Links between some Nile Valley Late Palaeolithic industries and the North African LSA/Iberomaurusian were suggested based on typological similarities referring to attributes such as the type (e.g., Ouchtata) or side of the retouch for backed bladelets (Schild et al., 1968; Phillips, 1972; Phillips, 1973; Close, 1978; Close, 2002). If typological similarities are evident between some Nile Valley industries and the North African LSA, their interpretation is challenging. Interpreting these typological similarities in terms of socio-cultural relationships would be an over-simplification (e.g., Close, 1978, 235). Furthermore, there is no strict contemporaneity between the Late Palaeolithic in the Nile Valley and the Iberomaurusian in North Africa. As shown above, the Late Palaeolithic in the Nile Valley broadly corresponds to MIS 2, with several sites dated to the LGM, whereas if the earliest dates for the Iberomaurusian are ca. 25-23 ka cal BP, the evidence remains limited for its initial phase and most of the sites are dated from ca. 16-15 ka cal BP (Potì and Weniger, 2019). Systematic comparisons including technological and typological aspects of the assemblages as well as an evaluation of their chronometric dating would be critical in confirming or rejecting hypotheses of contacts between the Nile Valley and north-western Africa at the end of the Pleistocene.

From a non-lithic point of view, similarities have been noted in rock art between Late Pleistocene depictions of human figures (‘headless women’) from Qurta and el Hosh with depictions found in a rock shelter in the Sinai Desert (Zboray, 2012; Huyge, 2018). The rock art in Sinai remains undated, and the fauna associated with the human figures there is different from what is found in the Nile Valley (e.g., equines and (non-domesticated?) camel figures are dominant). However, similarities in human figures are striking. The presence of similar headless figures in European Magdalenian art also led Huyge (2018) to suggest that it may represent potential out of or back into Africa dispersals. However, as unsettling as these similarities may seem, further dated evidence is needed to consider such a (bold) scenario.

Nonetheless, ca. 25 ka cal BP in North Africa, the Nile Valley and the Levant, blade/let industries with a toolkit dominated by backed pieces are documented. The significance of the presence of these broad lithic characteristics in all three regions at the same time is unclear. The emergence of these industries may reflect earlier connections between the regions (see also discussion in Vermeersch, 2020). However, beyond these similar traits, each region seems to be characterized by its own development of industries with different technological and typological characteristics. The rare systematic comparative analyses between these regions focusing on both technological and typological traits, in addition to the difficulties of interpreting lithic data in terms of socio-cultural relationships, make it currently impossible to highlight some kind of ‘information sharing’ between these regions during MIS 2. Currently available archaeological data therefore do not support any intensive contact between human groups in North Africa, the Levant and the Nile Valley, although this does not exclude the possibility of movement of people without cultural transmission.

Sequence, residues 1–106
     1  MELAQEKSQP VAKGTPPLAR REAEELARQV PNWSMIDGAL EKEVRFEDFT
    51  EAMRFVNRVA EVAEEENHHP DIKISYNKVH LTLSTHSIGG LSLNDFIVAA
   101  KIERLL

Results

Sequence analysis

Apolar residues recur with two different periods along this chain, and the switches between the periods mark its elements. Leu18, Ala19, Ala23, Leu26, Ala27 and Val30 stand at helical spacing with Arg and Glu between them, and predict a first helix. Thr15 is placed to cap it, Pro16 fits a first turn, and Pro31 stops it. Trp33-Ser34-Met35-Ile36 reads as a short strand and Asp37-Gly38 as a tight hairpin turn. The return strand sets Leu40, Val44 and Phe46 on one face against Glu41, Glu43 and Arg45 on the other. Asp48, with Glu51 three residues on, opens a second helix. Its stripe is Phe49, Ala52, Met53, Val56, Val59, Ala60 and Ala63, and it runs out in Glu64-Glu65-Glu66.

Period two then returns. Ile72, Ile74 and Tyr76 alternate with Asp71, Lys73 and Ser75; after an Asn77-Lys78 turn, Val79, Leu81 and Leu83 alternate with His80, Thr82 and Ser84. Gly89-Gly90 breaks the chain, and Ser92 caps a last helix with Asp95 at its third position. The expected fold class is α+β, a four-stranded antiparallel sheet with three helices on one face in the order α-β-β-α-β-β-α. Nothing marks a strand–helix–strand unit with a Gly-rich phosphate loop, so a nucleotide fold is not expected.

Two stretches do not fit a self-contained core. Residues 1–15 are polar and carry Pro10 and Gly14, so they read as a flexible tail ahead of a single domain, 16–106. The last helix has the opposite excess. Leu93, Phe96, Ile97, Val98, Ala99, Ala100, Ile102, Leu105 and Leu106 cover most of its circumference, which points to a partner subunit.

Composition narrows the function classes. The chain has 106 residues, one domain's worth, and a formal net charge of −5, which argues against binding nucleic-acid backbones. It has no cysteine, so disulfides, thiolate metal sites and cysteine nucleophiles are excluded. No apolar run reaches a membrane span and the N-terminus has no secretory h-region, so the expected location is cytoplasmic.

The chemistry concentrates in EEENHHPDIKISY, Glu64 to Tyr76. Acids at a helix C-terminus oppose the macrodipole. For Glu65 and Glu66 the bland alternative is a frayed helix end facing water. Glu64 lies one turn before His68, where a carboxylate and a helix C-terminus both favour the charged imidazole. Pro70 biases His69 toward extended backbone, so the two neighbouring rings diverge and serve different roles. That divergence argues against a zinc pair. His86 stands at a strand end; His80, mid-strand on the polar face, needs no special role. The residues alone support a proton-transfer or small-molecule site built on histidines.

Human Fossil and Genetic Data: Evidence for a Return to Africa During MIS 2?

Some General Considerations

The evolutionary history of modern humans was a complex process involving alternations between phases of expansion and contraction of populations. Mirazón Lahr (2016) identifies the period corresponding to the end of MIS 3 and MIS 2 as a period of structuring of human diversity. The environmental changes occurring during this period led to the fragmentation, or even extinction, of some populations, and thus to a loss of inter-group diversity, whereas the expansion of some groups during the Holocene led to a subsequent increase of overall diversity (Mirazón Lahr, 2016, 9). The MIS 2 African fossil record is relatively limited but recent paleoanthropological research indicates that past biological variation was greater than in extant human populations (e.g., Tryon et al., 2015; Crevecoeur et al., 2016) and that past human populations were highly structured (e.g., Scerri et al., 2018).

To test whether the Nile Valley acted as a dispersal corridor or an environmental refugium based on the human fossil record, a simple model of isolation vs. connection with other regions may be proposed (see Table 1). For isolated populations, we would expect a record showing distinct characteristics compared to the record of other regions (e.g., North African and the Levant), whereas if population interactions were maintained, we would expect to find shared variability between human groups from different regions. This model would only be valid if populations were isolated for enough time to develop distinct biological characteristics; however, how much time is necessary for the latter is difficult to evaluate.